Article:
A&AA welcomes new faculty

September 17, 2014

A&AA welcomes three new tenure-track faculty members for the 2014-15 academic year.

Mark EischeidMark Eischeid has joined the Department of Landscape Architecture as assistant professor. A licensed landscape architect (California) and practicing artist, Eischeid holds an MFA in Art Space + Nature from the Edinburgh College of Art, an MLA in Landscape Architecture from the University of California, Berkeley, and a BS in Applied Earth Science from Stanford University. He has taught at the University of Edinburgh, Edinburgh College of Art and at UC Berkeley Extension, and has worked for Sasaki Associates and Scott Lewis Landscape Architecture. He is completing his PhD dissertation at the University of Edinburgh on the aesthetics of modernist American landscape architecture. Recent publications include a paper presented at the European Council of Landscape Architecture Schools conference in 2013 comparing the grids of landscape architect Peter Walker and minimalist artist Agnes Martin. He is currently coediting a special journal issue on shrinking cities and the urban landscape.  He is also a member of the Board of Directors of ASCUS Art & Science, an Edinburgh non-profit fostering collaboration between artists and scientists. He will be teaching landscape history, theory, and studio.

Dyana MasonDyana Mason, who holds a PhD in Public Policy and Management from the University of Southern California, joins the Department of Planning, Public Policy and Management as an assistant professor. Her research interests include nonprofit management and governance, interest and advocacy organizations, the political economy of the nonprofit sector, charitable giving, and collective action and fundraising. She will be teaching public sector theory, managing nonprofit organizations, nonprofit management consultancy, and nonprofit management. Her dissertation, "Strategy and Ideology in Nonprofit Advocacy Organizations," provides a new perspective on leadership in nonprofit advocacy organizations, and traces the ways in which a leader’s personal preferences can influence the organization’s strategic choices and can ultimately influence public policy.  Her other recent publications include “Politics, Management and the Allocation of Arts Funding: Evidence from Public Support for the Arts in The United Kingdom," 2013, in the International Journal of Cultural Policy. She holds an MBA from The College of William and Mary and a dual bachelor’s in political science and public relations from University of Southern California.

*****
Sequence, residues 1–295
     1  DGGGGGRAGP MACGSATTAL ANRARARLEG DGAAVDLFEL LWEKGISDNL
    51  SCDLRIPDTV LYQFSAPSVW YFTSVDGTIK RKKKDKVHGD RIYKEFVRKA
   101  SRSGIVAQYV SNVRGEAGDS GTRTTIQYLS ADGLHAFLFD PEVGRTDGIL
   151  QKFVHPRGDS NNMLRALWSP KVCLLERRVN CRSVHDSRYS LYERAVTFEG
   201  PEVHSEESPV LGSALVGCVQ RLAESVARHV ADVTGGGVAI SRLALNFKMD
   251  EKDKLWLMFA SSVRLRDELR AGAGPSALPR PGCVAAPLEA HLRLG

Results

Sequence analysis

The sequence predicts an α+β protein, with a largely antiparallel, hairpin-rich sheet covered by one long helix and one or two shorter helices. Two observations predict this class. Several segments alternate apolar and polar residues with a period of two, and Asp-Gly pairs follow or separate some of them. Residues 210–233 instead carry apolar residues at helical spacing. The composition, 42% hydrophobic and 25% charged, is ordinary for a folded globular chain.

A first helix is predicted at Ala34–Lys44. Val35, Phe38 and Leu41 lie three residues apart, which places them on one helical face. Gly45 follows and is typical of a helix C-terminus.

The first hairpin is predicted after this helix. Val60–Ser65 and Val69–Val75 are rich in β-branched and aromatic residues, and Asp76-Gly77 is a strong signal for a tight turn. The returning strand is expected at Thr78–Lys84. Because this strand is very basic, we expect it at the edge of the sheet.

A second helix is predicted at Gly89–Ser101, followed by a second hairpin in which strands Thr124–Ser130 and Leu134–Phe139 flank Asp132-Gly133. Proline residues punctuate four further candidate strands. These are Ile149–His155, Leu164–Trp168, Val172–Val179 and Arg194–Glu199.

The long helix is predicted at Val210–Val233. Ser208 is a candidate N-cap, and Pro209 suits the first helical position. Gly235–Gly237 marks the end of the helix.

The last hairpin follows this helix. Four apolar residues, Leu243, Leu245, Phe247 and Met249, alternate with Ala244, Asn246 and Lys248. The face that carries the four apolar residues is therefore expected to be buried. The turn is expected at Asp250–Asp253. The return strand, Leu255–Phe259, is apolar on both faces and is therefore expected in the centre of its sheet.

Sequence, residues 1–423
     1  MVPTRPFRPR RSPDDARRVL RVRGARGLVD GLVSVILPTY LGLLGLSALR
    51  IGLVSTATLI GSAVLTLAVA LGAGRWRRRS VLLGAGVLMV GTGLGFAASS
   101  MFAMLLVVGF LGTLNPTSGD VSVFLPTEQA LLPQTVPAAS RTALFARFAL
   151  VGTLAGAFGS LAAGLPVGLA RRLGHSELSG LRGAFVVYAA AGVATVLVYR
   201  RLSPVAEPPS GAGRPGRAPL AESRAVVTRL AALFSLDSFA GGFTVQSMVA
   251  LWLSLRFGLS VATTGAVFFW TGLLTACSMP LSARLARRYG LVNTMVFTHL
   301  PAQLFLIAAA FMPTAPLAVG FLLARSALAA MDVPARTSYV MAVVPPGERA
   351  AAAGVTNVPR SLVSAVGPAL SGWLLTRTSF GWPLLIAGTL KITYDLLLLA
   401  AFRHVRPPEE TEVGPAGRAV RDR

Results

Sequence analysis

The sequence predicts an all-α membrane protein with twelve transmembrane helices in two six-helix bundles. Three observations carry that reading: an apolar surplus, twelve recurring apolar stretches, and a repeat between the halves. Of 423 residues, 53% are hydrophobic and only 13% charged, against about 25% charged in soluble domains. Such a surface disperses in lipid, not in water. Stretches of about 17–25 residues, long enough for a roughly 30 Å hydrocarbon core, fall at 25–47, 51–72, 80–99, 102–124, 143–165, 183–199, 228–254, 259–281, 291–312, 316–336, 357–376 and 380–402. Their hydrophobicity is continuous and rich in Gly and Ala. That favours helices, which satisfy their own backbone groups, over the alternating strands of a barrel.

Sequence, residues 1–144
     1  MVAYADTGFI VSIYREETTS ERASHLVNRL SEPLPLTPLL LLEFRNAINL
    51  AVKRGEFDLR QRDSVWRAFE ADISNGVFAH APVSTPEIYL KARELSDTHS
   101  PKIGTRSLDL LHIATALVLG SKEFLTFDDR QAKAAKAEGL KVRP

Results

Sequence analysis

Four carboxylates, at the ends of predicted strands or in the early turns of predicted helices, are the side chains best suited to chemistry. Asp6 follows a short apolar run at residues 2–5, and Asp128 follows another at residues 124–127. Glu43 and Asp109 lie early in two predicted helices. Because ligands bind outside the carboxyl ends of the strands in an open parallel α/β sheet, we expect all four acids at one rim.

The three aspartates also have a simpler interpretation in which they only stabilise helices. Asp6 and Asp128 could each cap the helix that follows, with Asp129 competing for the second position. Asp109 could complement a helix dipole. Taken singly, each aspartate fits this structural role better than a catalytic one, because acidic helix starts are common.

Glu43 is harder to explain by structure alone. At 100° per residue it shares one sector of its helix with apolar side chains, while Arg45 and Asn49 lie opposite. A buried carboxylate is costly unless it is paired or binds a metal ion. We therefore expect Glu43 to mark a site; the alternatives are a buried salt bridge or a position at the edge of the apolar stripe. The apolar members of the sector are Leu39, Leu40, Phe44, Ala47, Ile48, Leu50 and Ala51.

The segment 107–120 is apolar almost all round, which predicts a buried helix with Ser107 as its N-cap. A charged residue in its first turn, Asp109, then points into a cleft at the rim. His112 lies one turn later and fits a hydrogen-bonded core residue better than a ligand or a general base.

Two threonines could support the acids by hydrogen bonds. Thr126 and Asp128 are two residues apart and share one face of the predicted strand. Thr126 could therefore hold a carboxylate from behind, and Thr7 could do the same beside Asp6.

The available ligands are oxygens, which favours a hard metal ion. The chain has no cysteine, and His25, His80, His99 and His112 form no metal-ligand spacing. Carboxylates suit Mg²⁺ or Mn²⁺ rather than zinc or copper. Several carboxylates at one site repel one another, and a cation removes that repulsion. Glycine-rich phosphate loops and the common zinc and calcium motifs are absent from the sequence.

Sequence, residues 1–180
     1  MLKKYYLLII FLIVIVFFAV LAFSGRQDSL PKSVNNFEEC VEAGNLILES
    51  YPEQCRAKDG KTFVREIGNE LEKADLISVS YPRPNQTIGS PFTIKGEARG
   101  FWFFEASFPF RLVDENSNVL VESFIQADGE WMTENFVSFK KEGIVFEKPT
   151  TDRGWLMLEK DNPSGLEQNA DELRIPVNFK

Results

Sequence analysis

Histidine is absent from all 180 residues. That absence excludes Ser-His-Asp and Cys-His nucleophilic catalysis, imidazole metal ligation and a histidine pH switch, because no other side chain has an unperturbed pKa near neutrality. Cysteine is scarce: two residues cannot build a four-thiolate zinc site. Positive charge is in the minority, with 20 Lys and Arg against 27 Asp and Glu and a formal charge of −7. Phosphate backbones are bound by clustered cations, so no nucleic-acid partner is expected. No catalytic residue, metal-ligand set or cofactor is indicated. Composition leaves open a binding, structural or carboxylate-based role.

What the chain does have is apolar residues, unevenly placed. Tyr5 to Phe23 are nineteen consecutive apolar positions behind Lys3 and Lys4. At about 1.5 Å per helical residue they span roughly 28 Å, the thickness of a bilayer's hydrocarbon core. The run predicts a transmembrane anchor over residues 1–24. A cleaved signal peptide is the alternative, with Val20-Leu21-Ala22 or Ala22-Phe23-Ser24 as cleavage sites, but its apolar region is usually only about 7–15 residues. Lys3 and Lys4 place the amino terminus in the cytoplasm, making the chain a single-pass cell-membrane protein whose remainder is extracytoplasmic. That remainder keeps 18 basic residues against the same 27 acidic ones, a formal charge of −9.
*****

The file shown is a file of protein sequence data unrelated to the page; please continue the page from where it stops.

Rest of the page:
Maile HuttererMaile Hutterer, who holds a PhD in the History of Art and Architecture from the Institute of Fine Arts at NYU, has joined the Department of the History of Art and Architecture as an assistant professor. Hutterer most recently was a post-doctoral associate at Rutgers University. She has a bachelor’s in the history of art and architecture from the University of California, Santa Barbara. Her primary research interests focuses on medieval architecture in France, and specifically on the intersection of form, function, and meaning in ecclesiastical buildings. Her current book project examines the aesthetic and cultural significance of flying buttresses, arguing that they acted as signifiers of the sacred ground of the consecrated church. A forthcoming publication addresses the connection between flying buttress sculptural programs and processional action as a means of indicating boundaries. At UO she will be developing a broad range of courses in medieval art and architecture. Prior to coming to Rutgers, she taught at Western Illinois University.